Is Your Horse Your Friend or Your Slave?

On this beautiful, sunny Sunday morning, my daughter, myself and her friend did morning chores together. Of course, we were discussing horses and how sensitive they are. Enjoying our time together with the horses, we started discussing certain topics. As our conversations moved into several different directions, my daughters friend began to talk about the place she takes lessons at and how the horses seem unhappy. Telling us the instructor says while they are riding “kick them as hard as you can,” “rip their face off,” “they are big, they cant feel it!” She was explaining to us that the instructor kicks the horses on their sides from the ground if they misbehave. There was more said, but I think I have said enough.

What is wrong with this picture? This woman is teaching children through adults how to ride. She is their role model. It makes me cringe. How do you treat such a beautiful and sensitiv animal in such a barbaric way? Have we no Respect for the horses? When I was younger, I was taught this way too. I guess I was one of the lucky ones who had my own horses. This was no way to treat my friend. I started looking for a better way. It took many years, and thank goodness I found it.

Anyway, back to our barn conversation….. My daughter’s friend started asking questions about balance, showing me a video of a horse she was riding. Mentioning that the horse felt like it was about to fall over and she was just hanging on scared. the instructor was telling her “great, do it again.” I watched the video. The horse was so crooked to the left that it was about to buck her off as it was falling over the inside shoulder speeding around at the trot, almost cantering.

Diplomatically, I explained what I saw and where the horse was struggling and why. I provided a solution on how I would balance the horse out first on the lunge line before putting a rider on its back. When I brought up lunging, she said her instructor runs them around in a circle until they tire out and says “I did my job, my job is done.” This is her “role mode….” Until she expands her horizons, starts to feel the horse’s pain, gets hurt, or until she seeks further education, she will continue to think this treatment of horses and training modality is ok! Sadly, this woman has a thriving business. My heart and soul ache for these poor horses.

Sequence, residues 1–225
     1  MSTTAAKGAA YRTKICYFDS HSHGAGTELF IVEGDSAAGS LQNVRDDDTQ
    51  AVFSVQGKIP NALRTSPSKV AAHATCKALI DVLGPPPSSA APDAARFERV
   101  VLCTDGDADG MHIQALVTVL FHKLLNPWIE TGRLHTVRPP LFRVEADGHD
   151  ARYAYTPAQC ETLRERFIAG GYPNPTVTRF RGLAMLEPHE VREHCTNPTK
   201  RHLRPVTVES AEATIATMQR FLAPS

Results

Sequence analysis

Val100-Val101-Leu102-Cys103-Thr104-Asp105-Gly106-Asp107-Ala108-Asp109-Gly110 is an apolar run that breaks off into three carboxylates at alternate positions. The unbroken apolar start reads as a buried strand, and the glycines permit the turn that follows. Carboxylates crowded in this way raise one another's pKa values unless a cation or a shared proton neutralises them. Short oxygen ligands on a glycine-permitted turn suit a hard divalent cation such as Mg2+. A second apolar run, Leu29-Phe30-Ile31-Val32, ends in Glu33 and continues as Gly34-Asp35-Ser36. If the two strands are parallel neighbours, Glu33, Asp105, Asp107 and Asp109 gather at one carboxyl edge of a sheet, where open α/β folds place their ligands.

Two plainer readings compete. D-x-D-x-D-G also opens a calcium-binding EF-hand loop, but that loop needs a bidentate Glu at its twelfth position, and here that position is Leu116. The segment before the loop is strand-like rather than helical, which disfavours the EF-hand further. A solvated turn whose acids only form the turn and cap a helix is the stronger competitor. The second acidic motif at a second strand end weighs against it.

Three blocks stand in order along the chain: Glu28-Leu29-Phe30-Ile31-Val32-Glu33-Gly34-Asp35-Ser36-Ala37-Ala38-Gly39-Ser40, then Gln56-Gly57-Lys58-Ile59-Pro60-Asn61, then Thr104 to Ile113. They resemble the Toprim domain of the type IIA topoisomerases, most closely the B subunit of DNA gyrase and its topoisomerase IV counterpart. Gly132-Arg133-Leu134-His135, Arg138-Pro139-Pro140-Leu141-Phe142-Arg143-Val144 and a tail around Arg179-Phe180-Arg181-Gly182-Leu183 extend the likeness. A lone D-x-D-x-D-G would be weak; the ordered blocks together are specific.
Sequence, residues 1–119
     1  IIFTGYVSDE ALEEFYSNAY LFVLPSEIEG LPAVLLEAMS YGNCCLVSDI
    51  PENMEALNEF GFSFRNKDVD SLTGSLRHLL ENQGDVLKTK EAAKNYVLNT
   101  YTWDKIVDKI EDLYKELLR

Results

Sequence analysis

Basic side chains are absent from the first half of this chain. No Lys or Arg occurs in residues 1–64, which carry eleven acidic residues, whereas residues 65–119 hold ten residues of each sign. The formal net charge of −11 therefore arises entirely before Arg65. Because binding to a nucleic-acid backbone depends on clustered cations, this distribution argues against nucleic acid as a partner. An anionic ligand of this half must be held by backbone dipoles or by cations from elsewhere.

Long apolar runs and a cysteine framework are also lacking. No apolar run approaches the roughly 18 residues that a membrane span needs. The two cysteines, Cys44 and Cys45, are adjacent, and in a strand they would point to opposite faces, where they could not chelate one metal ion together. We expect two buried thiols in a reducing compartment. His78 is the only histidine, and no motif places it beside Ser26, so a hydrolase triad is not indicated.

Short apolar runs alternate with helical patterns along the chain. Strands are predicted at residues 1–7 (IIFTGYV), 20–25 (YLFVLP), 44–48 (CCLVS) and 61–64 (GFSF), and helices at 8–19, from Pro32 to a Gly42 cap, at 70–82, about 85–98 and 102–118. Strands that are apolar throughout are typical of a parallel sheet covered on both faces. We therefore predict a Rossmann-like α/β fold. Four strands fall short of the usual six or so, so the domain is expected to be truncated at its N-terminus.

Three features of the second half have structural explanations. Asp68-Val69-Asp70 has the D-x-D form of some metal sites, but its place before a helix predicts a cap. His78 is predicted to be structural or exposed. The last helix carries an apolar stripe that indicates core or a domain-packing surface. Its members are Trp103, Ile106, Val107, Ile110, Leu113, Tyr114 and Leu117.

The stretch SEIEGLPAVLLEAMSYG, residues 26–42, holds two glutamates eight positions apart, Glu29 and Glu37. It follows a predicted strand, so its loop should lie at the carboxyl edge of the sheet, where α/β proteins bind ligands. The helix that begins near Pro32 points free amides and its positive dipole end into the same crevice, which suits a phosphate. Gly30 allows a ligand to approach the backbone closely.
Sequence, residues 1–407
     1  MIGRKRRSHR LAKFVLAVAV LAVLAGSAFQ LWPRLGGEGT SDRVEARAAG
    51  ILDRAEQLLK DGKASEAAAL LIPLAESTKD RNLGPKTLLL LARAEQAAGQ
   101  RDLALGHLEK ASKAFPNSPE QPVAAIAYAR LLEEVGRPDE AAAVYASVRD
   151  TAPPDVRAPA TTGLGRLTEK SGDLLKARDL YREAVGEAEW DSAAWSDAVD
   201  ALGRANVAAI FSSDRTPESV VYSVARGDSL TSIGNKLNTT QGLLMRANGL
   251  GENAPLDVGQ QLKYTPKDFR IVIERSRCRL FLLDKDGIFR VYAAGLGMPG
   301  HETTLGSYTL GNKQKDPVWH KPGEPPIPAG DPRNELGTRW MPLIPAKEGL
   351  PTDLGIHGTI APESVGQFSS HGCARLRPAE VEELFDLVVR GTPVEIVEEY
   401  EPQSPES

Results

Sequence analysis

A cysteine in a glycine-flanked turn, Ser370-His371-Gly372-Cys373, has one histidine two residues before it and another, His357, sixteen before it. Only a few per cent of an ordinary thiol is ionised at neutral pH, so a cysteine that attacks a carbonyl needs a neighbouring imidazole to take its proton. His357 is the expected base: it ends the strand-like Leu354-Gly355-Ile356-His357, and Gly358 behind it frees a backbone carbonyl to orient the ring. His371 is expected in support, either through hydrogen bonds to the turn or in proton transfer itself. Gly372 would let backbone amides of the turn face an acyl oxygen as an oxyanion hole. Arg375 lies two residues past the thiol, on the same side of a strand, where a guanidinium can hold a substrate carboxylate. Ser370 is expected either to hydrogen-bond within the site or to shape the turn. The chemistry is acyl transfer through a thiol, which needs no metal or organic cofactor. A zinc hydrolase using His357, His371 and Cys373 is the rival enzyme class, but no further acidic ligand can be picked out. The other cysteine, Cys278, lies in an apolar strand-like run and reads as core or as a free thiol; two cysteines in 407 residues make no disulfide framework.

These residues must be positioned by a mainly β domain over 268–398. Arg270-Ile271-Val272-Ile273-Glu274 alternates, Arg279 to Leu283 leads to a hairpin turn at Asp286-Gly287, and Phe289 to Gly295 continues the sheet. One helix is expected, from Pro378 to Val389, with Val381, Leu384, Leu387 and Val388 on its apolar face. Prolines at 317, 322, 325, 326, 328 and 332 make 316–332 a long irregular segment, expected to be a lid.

When I began my search for a better way, I was in my late teens. I started riding competitively at the age of 7. Following my “Role Model” instructors and trainers blindly. The one benefit I had was that my deep connection with my horses, I could see who was humane and who was not. There was no way someone was going to disrespect my horse and force it. We need to teach better morals, a deeper respect for the horses we are entrusted with, and if it seems wrong or abusive, it probably is.

I wish there was a way to infuse my knowledge into more people in the industry for the horses sake. Why are people so afraid of getting better and improving their knowledge. I am weary of the standards people uphold for their fellow equine friends (if they are friends at all). They want to be our friends. By nature they are curious, inquisitive, and very interested in exploring. Watch a foal that has been raised properly through kindness and setting healthy boundaries.

If you want the horse to be your friend, treat it like your friend. Would you be friends with someone who pulls your hair, kick them or tug them around like a puppet? Why is this ok? What in the human psyche says that this behavior is appropriate. Firstly, the trainer/instructor should train and educate the horses. The horses should be well balanced mentally, physically, and overall like humans. If they do not, then this horse is crying out it needs help/assistance. A riding instructor should know how to train a horse if they are teaching people how to ride.

The riding instructor should properly lunge and ride the horse regularly to keep it sound, balanced, and safe. If the riding instructor can not train horses, what business do they have teaching people how to ride?????? Please, enlighten me on this clear fact of the matter. This is the issue in the industry. There are no standards.

Fortunately and unfortunately for me, I studied under a trainer whose standards were light years ahead of the average horse person. I thank her greatly for educating me and learning this more subtle and artistic way of horsemanship. It is a blessing and a curse. Every day, I want to assist people to better connect with their horses and enjoy them on the ground and in the saddle. Build long term relationships with them. Respect them, yet learn how to teach healthy boundaries and understand body language..

When I was 20, I took a job teaching at a hunter jumper barn, teaching group lessons on school horses. These horses were miserable. Fortunately, I had some experience training and my students referred to me as “the miracle worker.” Whenever they rode in my lesson, the horses improved and we began having fun productive lessons. Instead of fighting with the horses when I first started teaching there. How do we fix the horse industry? I have bee teaching and training for almost 30 years and I have seen little improvement throughout the industry. Some areas have gotten worse.

Why aren’t we listening to the horses? Why aren’t we seeking a kinder, more productive and positive way? Why do people think you need to use brute force to reprimand or teach a horse?

Join Us @ Alivio – We have the solutions to many problems! We are here for you and your horse!

Published by Alivio Equestrian Academy

Dedicated to Preserving the Art of Horsemanship

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